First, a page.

The US healthcare landscape is ever changing due to the Affordable Care Act (ACA). Modifications to the law change healthcare delivery and provide access to insurance coverage to a large population of the previously uninsured. One of the largest underserved populations includes those with mental illnesses. In 2013 alone, an estimated 43.8 million US adults (18 or older) had a diagnosed mental illness. Mental illness is a condition in which alterations to thinking, mood or behavior (or a combination thereof) are associated with impaired functioning and/or distress.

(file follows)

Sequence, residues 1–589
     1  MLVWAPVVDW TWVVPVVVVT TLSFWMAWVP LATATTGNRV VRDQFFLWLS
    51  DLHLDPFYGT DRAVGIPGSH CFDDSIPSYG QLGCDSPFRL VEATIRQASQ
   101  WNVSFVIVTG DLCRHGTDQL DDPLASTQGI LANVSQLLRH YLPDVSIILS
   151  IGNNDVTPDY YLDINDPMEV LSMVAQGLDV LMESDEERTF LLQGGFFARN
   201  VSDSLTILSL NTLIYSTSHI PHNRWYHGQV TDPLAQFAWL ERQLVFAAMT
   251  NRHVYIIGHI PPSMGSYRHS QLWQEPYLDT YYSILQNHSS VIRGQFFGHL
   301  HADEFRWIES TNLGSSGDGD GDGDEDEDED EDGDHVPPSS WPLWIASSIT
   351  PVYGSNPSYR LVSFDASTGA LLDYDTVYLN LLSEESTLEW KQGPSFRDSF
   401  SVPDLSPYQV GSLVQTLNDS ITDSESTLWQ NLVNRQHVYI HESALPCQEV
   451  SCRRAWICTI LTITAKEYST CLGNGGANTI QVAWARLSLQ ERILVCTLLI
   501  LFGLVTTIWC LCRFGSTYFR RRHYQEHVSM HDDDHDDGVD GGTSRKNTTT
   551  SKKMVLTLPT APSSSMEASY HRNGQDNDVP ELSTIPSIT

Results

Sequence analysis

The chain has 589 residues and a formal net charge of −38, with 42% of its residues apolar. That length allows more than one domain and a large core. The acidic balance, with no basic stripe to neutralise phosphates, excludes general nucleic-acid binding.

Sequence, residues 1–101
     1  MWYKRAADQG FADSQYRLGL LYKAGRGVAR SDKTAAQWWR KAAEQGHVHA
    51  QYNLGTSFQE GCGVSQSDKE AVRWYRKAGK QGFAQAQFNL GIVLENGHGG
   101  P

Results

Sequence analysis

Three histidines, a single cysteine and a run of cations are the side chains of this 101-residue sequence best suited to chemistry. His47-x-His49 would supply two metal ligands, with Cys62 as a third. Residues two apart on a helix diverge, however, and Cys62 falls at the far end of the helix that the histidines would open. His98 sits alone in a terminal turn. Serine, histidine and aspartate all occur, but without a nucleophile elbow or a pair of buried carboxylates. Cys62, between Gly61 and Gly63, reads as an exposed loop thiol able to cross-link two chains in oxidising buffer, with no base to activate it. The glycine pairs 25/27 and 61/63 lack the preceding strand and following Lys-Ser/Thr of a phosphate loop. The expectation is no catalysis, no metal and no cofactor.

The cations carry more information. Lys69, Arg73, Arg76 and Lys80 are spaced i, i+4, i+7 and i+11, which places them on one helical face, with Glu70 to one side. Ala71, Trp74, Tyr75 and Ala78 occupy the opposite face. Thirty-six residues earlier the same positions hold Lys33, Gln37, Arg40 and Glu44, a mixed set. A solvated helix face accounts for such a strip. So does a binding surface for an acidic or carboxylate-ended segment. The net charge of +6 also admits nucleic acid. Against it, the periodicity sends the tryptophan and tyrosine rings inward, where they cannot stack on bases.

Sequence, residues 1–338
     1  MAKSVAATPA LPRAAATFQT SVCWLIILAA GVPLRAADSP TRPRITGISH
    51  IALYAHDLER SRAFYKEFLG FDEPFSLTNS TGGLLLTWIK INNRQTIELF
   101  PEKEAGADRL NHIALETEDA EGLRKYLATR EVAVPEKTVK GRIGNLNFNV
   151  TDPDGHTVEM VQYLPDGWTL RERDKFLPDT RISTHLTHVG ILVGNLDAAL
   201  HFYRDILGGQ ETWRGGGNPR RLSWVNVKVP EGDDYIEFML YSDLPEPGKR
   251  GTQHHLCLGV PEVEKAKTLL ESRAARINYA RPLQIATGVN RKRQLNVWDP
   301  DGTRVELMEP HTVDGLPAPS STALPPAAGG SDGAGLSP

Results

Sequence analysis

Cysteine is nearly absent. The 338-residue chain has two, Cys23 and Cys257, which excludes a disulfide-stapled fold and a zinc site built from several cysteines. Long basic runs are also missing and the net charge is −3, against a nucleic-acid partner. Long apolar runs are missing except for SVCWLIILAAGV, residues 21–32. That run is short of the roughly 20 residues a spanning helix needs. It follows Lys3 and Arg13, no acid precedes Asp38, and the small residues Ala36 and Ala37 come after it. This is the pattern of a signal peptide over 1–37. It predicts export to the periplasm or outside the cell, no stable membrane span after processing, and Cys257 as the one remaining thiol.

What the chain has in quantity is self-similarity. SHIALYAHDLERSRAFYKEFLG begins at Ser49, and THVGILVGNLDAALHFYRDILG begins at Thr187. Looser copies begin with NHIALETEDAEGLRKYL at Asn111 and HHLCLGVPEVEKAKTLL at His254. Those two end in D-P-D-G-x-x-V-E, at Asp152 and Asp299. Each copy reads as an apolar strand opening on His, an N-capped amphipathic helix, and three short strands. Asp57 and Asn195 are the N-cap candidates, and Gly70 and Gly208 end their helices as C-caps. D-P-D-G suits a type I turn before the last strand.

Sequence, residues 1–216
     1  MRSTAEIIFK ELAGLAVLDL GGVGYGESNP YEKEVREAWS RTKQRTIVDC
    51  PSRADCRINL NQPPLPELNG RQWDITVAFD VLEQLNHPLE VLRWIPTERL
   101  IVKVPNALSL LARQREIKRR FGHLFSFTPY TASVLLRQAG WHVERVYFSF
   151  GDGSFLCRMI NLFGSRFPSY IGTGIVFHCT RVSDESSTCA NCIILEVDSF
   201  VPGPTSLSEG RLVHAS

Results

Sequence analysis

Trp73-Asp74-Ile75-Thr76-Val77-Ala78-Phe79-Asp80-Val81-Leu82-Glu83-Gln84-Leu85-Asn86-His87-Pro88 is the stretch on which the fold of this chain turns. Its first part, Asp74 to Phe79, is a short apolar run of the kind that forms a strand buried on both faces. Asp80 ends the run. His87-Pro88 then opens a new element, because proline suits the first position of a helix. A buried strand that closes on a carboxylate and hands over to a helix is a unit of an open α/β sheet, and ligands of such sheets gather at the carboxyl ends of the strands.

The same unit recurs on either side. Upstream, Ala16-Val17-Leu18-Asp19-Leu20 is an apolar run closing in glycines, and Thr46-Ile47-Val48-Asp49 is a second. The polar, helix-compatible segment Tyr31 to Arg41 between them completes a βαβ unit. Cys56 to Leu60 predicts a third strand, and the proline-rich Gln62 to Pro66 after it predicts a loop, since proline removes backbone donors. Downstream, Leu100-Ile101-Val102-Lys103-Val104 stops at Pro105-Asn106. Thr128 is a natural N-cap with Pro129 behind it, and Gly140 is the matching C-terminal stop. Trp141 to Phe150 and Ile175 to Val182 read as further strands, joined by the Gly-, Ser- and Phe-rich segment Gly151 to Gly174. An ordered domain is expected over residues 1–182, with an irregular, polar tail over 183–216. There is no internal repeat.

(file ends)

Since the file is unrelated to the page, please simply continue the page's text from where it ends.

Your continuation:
Research shows that mental illnesses can have a strong influence on the occurrence, successful treatment and course of chronic illnesses including diabetes, cancer and cardiovascular disease, as well as risk behaviors like physical inactivity, smoking, excessive drinking and obesity (according to the Centers for Disease Control and Prevention). This leads to an increase in visits to healthcare providers and emergency departments (EDs). According to the National Association of State Mental Health Program Directors, many states reduced their mental health spending by $4.35 billion between 2009 and 2012. Due to all the funding cuts, “hospitals are closing psychiatric units, and outpatient services are contracting or closing altogether.”